Gary J Weil

Washington University in St. Louis, San Luis, Missouri, United States

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Publications (148)529.72 Total impact

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    ABSTRACT: Filarial antigen tests are key tools for mapping the distribution of bancroftian filariasis and for detecting areas with persistent infections following mass drug administration (MDA). A recent study showed that the new Alere Filariasis Test Strip (FTS) has better analytical sensitivity than the BinaxNOW Filariasis card test (Card Test) for detecting circulating filarial antigen, and the FTS detected more positive results than the Card Test in a field study performed in a highly endemic area in Liberia. The present study compared the performance of the FTS and the Card Test in community surveys that were conducted in southern Sri Lanka and in Indonesia (Central Java) in areas with low-level persistence of LF following multiple rounds of MDA with diethylcarbamazine plus albendazole. The studies were performed in densely populated semi-urban areas where Wuchereria bancrofti is transmitted by Culex quinquefasciatus. Antigenemia rates by FTS were 138 % higher in the Sri Lanka study (43/852 vs. 18/852) and 21 % higher in the Indonesia study (50/778 vs. 41/778) than antigenemia rates by Card Test. Antigenemia rates were significantly higher in males than in females and higher in adults than in children in both study sites. Although overall antigenemia rates and test scores were significantly higher by FTS than by Card Test in both study areas, rates in young children were similar with both tests in both areas. These results extend the previously reported superior sensitivity of the FTS to areas with low residual infection rates following MDA, and this could affect mapping and post-MDA survey results in adults. However, our findings suggest that results of transmission assessment surveys (TAS) performed in school-aged children are likely to be similar with both tests.
    Parasites & Vectors 12/2015; 8(1):369. DOI:10.1186/s13071-015-0979-y · 3.43 Impact Factor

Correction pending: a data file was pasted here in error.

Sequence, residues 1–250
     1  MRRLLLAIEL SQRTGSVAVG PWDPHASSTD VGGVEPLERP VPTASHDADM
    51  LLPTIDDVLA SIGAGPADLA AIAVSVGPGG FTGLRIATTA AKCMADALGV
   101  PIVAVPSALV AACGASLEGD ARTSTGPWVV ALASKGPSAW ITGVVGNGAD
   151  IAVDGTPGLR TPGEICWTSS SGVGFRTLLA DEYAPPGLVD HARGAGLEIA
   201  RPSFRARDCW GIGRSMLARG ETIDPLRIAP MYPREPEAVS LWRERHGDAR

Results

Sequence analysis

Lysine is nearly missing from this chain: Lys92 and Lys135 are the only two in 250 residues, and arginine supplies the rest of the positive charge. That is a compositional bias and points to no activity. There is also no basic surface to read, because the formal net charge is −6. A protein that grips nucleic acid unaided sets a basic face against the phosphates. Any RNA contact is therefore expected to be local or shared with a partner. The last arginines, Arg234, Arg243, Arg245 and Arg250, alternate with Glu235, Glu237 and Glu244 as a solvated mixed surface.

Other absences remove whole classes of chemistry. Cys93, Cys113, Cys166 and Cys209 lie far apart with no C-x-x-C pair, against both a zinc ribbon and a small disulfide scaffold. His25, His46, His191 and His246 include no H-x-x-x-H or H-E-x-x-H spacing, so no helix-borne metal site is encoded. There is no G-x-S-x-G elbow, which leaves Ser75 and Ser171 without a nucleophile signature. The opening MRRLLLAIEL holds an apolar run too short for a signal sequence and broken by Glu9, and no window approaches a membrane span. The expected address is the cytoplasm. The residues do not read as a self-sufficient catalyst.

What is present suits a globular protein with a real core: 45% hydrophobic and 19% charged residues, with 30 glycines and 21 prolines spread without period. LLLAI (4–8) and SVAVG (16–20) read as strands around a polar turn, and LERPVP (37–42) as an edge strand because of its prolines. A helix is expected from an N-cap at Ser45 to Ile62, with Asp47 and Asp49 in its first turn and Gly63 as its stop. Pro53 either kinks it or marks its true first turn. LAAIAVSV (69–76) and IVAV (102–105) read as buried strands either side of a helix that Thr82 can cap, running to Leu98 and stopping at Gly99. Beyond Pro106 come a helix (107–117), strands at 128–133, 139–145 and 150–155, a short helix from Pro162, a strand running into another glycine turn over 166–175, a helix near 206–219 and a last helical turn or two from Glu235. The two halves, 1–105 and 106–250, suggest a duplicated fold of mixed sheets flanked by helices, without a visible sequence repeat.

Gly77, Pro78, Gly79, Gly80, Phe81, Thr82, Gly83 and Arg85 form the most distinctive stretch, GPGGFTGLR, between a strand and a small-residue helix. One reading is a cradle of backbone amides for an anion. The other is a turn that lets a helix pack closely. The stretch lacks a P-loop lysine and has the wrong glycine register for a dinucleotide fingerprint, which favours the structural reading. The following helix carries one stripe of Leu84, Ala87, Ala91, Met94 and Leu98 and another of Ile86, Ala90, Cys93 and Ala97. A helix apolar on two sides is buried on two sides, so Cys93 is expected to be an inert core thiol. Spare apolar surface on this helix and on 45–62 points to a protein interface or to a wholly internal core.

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    Ben-Wen Li · Amy C. Rush · Gary J. Weil
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    ABSTRACT: Acetylcholine receptors (AChRs) are required for body movement in parasitic nematodes and are targets of “classical” anthelmintic drugs such as levamisole and pyrantel and of newer drugs such as tribendimidine and derquantel. While neurotransmission explains the effects of these drugs on nematode movement, their effects on parasite reproduction are unexplained. The levamisole AChR type (L-AChRs) in Caenorhabditis elegans is comprised of five subunits: Cel-UNC-29, Cel-UNC-38, Cel-UNC-63, Cel-LEV-1 and Cel-LEV-8. The genome of the filarial parasite Brugia malayi contains nine AChRs subunits including orthologues of Cel-unc-29, Cel-unc-38, and Cel-unc-63. We performed in situ hybridization with RNA probes to localize the expression of five AChR genes (Bm1_35890-Bma-unc-29, Bm1_20330-Bma-unc-38, Bm1_38195-Bma-unc-63, Bm1_48815-Bma-acr-26 and Bm1_40515-Bma-acr-12) in B. malayi adult worms. Four of these genes had similar expression patterns with signals in body muscle, developing embryos, spermatogonia, uterine wall adjacent to stretched microfilariae, wall of Vas deferens, and lateral cord. Three L-AChR subunit genes (Bma-unc-29, Bma-unc-38 and Bma-unc-63) were expressed in body muscle, which is a known target of levamisole. Bma-acr-12 was co-expressed with these levamisole subunit genes in muscle, and this suggests that its protein product may form receptors with other alpha subunits. Bma-acr-26 was expressed in male muscle but not in female muscle. Strong expression signals of these genes in early embryos and gametes in uterus and testis suggest that AChRs may have a role in nervous system development of embryogenesis and spermatogenesis. This would be consistent with embryotoxic effects of drugs that target these receptors in filarial worms. Our data show that the expression of these receptor genes is tightly regulated with regard to localization in adult worms and developmental stage in embryos and gametes. These results may help to explain the broad effects of drugs that target AChRs in filarial worms.